Jonah Goldberg
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A very old story is once again being retold, with a few of the characters' names updated to besmirch the innocent. In this story, conservatives are to blame for an economic crisis because they allegedly believe there is no role for government in the economy, and all economic crises are due to lax regulation of markets.

Cokie Roberts recently gave a sense of how old this story is on ABC's "This Week." She said of John McCain, "He's a Republican, and whenever Republicans get into this kind of mess, everybody, even people who were not born or close to being born, the specter of Herbert Hoover comes out to haunt them."

Everybody?

Roberts is correct in one sense. The specter of Herbert Hoover is conjured every time there's an economic calamity, large or small.

But you know what? Specters are ghosts. And ghosts aren't real.

The Herbert Hoover of popular imagination was a laissez-faire lickspittle of Adam Smith. But this idea began as Rooseveltian propaganda and endures as the creation myth of modern liberalism.

William Leuchtenburg, possibly the greatest authority on the FDR era, wrote some time ago, "Almost every historian now recognizes that the image of Hoover as a 'do-nothing' president is inaccurate."

After the stock market crash of 1929, Hoover browbeat business leaders to keep wages and prices high. He invested heavily in public works projects. He pushed for an international moratorium on debts. He created the Reconstruction Finance Corporation, which later became a home for many of FDR's Brain Trusters. Hoover increased farm subsidies enormously.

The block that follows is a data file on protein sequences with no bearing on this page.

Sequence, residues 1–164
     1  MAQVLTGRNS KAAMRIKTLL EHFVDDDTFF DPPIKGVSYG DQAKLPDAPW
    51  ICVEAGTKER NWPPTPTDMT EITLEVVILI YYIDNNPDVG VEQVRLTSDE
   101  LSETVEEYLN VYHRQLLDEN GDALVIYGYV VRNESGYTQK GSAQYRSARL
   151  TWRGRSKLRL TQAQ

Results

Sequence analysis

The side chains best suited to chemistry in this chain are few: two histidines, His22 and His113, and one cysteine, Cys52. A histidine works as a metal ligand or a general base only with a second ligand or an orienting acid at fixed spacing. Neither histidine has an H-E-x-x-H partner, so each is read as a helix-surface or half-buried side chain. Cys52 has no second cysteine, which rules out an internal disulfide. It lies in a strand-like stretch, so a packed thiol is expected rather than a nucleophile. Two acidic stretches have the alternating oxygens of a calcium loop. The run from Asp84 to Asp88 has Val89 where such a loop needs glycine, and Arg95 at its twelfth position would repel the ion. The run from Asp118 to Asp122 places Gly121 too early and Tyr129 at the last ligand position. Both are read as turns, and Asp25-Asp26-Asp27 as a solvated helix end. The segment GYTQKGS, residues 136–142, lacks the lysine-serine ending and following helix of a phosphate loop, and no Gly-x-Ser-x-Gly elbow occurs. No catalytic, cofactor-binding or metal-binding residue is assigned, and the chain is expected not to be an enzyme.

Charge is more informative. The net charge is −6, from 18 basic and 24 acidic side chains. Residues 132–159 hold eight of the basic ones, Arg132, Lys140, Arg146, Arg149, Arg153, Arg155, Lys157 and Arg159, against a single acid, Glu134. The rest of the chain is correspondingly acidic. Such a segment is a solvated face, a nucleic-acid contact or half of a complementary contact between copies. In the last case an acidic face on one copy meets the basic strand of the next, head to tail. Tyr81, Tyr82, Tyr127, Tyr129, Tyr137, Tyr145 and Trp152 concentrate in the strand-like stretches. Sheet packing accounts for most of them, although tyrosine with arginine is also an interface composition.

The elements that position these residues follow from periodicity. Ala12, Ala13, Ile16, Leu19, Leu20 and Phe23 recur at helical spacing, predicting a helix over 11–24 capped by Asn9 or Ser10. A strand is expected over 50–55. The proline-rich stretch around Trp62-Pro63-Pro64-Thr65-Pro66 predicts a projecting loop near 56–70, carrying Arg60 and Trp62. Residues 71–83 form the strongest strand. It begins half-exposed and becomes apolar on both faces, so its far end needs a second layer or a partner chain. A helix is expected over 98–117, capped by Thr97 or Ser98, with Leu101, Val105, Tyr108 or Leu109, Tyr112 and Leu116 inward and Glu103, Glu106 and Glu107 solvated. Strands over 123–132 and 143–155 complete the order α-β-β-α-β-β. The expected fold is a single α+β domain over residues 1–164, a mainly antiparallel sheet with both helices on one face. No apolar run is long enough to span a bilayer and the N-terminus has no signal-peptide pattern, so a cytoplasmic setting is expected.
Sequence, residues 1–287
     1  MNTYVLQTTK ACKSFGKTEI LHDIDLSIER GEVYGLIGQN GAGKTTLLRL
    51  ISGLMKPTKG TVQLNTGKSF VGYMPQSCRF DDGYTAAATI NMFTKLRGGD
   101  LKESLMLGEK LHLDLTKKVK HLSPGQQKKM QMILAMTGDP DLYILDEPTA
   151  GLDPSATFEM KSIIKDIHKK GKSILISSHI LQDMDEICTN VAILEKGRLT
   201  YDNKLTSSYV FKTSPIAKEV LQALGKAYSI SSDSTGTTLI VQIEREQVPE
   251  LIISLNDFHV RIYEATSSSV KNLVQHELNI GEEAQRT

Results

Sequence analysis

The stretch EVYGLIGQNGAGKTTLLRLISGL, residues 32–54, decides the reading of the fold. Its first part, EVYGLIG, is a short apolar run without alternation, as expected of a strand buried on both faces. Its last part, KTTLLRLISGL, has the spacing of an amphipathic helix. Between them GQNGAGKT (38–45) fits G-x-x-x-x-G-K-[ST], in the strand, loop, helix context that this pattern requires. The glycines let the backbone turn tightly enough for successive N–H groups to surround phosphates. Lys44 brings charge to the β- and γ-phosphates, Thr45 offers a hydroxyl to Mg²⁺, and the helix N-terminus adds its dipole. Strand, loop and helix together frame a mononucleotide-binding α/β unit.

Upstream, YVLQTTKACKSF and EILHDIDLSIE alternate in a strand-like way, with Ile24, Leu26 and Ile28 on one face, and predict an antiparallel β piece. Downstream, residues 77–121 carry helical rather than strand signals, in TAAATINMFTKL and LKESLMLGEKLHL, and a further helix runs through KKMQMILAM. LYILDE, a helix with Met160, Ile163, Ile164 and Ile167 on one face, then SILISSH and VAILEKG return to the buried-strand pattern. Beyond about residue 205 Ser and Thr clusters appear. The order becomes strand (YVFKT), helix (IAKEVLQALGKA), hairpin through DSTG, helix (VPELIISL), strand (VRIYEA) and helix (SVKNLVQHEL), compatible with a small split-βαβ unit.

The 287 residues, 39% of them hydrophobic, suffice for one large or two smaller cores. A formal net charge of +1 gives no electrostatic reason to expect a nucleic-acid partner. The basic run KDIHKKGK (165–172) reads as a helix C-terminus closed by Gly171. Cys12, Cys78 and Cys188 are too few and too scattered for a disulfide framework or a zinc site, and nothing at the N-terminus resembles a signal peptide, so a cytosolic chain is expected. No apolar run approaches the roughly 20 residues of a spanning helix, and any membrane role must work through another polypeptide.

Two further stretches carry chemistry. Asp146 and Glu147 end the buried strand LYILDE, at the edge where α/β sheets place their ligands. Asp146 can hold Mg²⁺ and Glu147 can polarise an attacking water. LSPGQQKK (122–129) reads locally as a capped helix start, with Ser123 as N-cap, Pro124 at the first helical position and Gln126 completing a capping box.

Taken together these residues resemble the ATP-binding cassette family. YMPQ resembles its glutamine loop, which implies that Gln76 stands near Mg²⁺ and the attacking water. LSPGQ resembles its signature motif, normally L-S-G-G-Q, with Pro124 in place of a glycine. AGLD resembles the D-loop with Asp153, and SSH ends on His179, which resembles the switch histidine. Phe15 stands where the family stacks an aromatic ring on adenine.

Some of Hoover's interventions were good but ineffectual. A few were very, very bad and very effective.

In 1932, Hoover in effect repealed Calvin Coolidge's tax cuts, increasing the rates for the poorest taxpayers by more than 100 percent and hiking the top rate from 25 percent to 63 percent. Worse, contrary to his own better instincts, Hoover signed the disastrous Smoot-Hawley trade bill that raised protectionist walls at precisely the moment the world needed trade the most.

Then there's this idea that FDR rode to the rescue, saving the day by untying the American people from the railroad tracks of runaway capitalism. Former Clinton Treasury Secretary Lawrence Summers, now a surrogate for Barack Obama, recently said on NPR: "It's very tempting to always think that the government should just stand back and let the private sector sort these problems out. That's the kind of thinking that made the Depression ŒGreat.'"

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Jonah Goldberg

Jonah Goldberg is editor-at-large of National Review Online,and the author of the forthcoming book The Tyranny of Clichés. You can reach him via Twitter @JonahNRO.
 
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